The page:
As you know, it is the graphics subsystem that determines the performance of the entire platform in the majority of contemporary games if the platform has a fast enough processor. Therefore, we select the most CPU-dependent games and measure the frame rate in two test modes. For the first mode we use lower resolutions and disable full-screen antialiasing, so we could see how well the processor can cope with gaming loads in general. This provides some insight into how the tested CPU is going to behave in the nearest future when it is accompanied with faster graphics cards. The second test mode refers to real-life settings: Full HD and maximum FSAA. In our opinion, these results are no less interesting as they demonstrate clearly the level of performance we can expect from contemporary processors today.
We don’t see a consistent picture in our gaming tests. They fall into two completely different groups. One group are multithreaded applications whereas the other consists of games that can use but two CPU cores at the most. The latter group has been getting smaller recently, yet still includes quite a lot of interesting titles such as Batman: Arkham Origin. The Core i3 series are also not very far behind their quad-core opponents in F1 2013 and Sleeping Dogs, either. These games can use more than two CPU cores but, as the results suggest, Hyper-Threading is quite enough for them. But again, there are games where four CPU cores ensure a much higher performance as you can easily see in the diagrams. That’s why we’d recommend the Core i5 instead of the Core i3 series for building a modern gaming computer.
The Haswell microarchitecture should be given credit for ensuring a gaming performance boost. Any Core i3 4000 series model is easily ahead of any Ivy Bridge Core i3. The larger L3 cache of the senior dual-core Haswell CPUs doesn’t seem to offer big advantages here, though.
We'll finish our gaming tests by running the popular synthetic benchmark 3DMark.
3DMark is optimized for multithreaded CPUs, so the new Core i3 CPUs fall behind the quad-core i5 series as well as the 8-core AMD FX. They are, however, faster than their Core i3 predecessors and AMD's quad-core products. It must be noted that the Haswell microarchitecture has made Intel’s dual-core CPUs much faster. The senior Haswell-based dual-core model, i3-4340, is 6 to 7% ahead of its Ivy Bridge counterpart i3-3250 even according to 3DMark, which is actually a graphics subsystem benchmark. Moreover, the i3-3250 is beaten by the junior Core i3-4130 model.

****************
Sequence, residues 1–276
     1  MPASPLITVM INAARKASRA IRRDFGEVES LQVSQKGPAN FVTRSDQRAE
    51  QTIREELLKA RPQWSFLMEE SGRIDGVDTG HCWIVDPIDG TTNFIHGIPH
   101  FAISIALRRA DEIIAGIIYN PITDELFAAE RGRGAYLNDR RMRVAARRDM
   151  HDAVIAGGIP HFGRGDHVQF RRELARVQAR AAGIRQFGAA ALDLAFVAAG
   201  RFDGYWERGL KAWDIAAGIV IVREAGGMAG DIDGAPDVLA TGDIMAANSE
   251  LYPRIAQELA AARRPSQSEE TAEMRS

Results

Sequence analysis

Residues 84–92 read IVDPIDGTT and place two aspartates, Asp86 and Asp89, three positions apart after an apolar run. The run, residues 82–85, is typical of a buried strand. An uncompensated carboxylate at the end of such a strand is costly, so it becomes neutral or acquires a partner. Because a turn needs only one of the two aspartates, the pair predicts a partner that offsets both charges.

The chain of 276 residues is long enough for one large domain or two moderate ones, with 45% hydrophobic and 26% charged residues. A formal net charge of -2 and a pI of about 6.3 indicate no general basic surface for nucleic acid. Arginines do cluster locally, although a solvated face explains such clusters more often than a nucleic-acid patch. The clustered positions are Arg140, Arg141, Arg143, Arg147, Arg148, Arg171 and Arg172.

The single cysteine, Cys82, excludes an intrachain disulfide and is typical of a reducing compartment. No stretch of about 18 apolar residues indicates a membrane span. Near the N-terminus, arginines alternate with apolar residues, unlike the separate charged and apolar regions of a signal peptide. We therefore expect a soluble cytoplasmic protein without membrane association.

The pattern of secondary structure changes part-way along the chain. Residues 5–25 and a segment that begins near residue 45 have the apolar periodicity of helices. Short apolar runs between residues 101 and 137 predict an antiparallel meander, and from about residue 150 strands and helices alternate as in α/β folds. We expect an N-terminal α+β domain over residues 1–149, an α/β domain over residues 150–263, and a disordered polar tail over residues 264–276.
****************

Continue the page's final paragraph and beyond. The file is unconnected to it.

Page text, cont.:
We benchmark 3D rendering performance with Cinebench R15. Maxon has recently updated it, so it can now measure the speed of computing platforms in the latest versions of the Cinema 4D animation suite.
Final rendering is a computations-heavy application which can make full use of the advantages offered by multicore CPUs. That’s why the Core i3 series, even the Haswell-based models, fall behind Intel’s quad-core and AMD’s 6- and 8-core CPUs. The Haswell microarchitecture makes the new Core i3 models faster than their predecessors by about 17%, though.
Using dBpoweramp Music Converter R14.4, we benchmark the speed of converting FLAC files into MP3 format with maximum compression quality.
Despite its single-threaded Lame encoder, dBpoweramp Music Converter can transcode several audio files concurrently, making full use of modern multicore CPUs. That’s why we have the same standings as in the final rendering test. The conversion speed is much lower on Intel’s dual-core (and AMD's quad-core) CPUs than on Intel's quad-core processors. For example, the gap between the senior Core i3 and the junior Core i5, both having the same microarchitecture, is up to 28%. By the way, the Haswell design is less advantageous in this MP3 encoding test than in the previous benchmarks.
The test scenario for Adobe Photoshop Lightroom 5.2 includes post-processing and exporting into JPEG format of two hundred 12-megapixel RAW images captured with a Nikon D300 camera.
Once again we see that it takes at least a quad-core CPU to efficiently run professional applications. The Haswell microarchitecture works faster in Lightroom than the Ivy Bridge, yet the 10% performance boost is insufficient to make the new Core i3 CPUs comparable even to the older Core i5 of the Ivy Bridge generation. Interestingly, AMD’s quad-core CPUs are also faster than the dual-core Haswell here.